It’s true what they say: exam preparation is the key to success. However, that’s really only true when you have the proper tools and strategies. Follow these tips below to get the most out of your study session and ace your exams!
Sometimes the desk just doesn’t cut it and you may feel unfocused and unmotivated to do work at the same workspace every day. Especially in the COVID-19 pandemic, the most reasonable option for studying is …
There are a variety of note-taking styles students employ in there classes. For some, like myself, we have difficulty finding the right type of style that works best. This tip will explain five types of notes -outline, Cornell, mind map, course slides, and sketch notes- for you to consider (and try) in your studies. I personally tried a few of these styles and will be sharing my experience in addition to helpful information and descriptions of all of the styles that I hope you find as useful as they were for me.
The pressure to succeed in higher education when classes require large amounts of work and time commitment can be daunting and difficult to manage. Although academics takes a large priority in the lives of college students, it should not consume all of your time and effort. Finding a balance between school/academics and your personal life is essential in remaining successful, motivated, and happy.
The Academic Match Program is a useful service for students interested in extra academic assistance. When it comes to higher enrollment courses, it can be especially difficult to have a personalized experience. This individual attention is what GUTS as an organization and our dedicated volunteer tutors in AM hope to provide. While you may have your tutors and program coordinators as available resources, there are other ways to ensure that you benefit as much as possible from your weekly sessions. This week’s tip will focus on what you can do to get the most out of your AM study group.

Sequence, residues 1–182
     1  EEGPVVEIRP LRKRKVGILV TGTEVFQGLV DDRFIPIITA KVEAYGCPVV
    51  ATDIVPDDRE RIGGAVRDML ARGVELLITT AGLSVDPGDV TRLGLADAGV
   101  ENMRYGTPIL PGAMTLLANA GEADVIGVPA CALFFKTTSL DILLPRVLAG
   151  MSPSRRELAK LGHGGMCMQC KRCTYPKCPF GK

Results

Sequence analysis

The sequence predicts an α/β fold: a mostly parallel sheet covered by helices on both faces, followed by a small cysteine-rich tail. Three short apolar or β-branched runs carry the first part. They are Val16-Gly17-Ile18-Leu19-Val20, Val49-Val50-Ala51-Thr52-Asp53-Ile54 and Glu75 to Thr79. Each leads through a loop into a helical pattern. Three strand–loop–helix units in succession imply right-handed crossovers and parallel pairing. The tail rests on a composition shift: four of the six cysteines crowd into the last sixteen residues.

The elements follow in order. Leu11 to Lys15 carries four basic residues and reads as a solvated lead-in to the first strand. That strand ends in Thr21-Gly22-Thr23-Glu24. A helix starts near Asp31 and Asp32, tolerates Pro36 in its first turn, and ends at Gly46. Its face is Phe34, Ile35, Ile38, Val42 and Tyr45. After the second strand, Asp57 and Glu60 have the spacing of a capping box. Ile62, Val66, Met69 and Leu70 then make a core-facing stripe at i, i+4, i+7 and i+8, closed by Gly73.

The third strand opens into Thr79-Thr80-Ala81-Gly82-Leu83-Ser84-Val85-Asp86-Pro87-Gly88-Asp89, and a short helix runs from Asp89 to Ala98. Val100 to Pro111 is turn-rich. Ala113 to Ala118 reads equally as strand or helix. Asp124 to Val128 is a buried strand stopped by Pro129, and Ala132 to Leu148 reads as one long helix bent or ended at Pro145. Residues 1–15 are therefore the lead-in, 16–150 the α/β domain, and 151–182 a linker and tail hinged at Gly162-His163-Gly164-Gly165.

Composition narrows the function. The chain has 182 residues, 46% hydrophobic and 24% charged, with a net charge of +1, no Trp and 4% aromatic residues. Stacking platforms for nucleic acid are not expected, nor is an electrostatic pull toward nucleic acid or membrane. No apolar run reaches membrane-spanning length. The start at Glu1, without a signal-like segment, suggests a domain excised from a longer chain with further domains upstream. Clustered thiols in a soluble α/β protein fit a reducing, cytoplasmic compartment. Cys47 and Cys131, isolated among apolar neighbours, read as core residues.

An important process in studying and learning is note-taking. Almost every student does it, and it is a practical requirement to pass a class. With the large amounts of information presented in each course, note-taking helps in encoding the information and thus makes it easier to remember. It also produces study materials to refer to later for exams and projects. Since technology is much more advanced now than it was even 10 years ago, when taking notes on paper was the most popular method, there are options such as typing notes on a computer, and even writing them on tablets (like paper, but digital). What are the differences between these modalities—typed (computer), digitally handwritten (tablet), or paper?
Language learning is a very long process, and, most importantly, it is incredibly individual. Each person learns and understands a foreign language differently, so you should always be active in making your own lesson plan and finding resources that best fit your goals. With the pandemic, it’s been a bit harder for students to practice and communicate with others in their target language, so here are some tips and digital ways that you can keep improving even if you’re stuck inside!
Creating a study space in the comfort of your own home is always an important habit to form, but it is especially crucial during this pandemic. The pandemic has been negatively impacting everyone’s study habits. From procrastination, to poor time management, all the way to ineffective study strategies. Luckily, one of the first steps you can take to get back in the right direction is to create a study space. An effective study space has the potential to kickstart your other study habits for the better.
Everyone experiences stress, and it consistently occurs in peoples’ lives. For a college student, every day brings something new that must be done –whether it be studying for a midterm, attending a lecture, or homework to complete. What are some healthy solutions to mitigate the stress that results from our academic and personal responsibilities and tasks?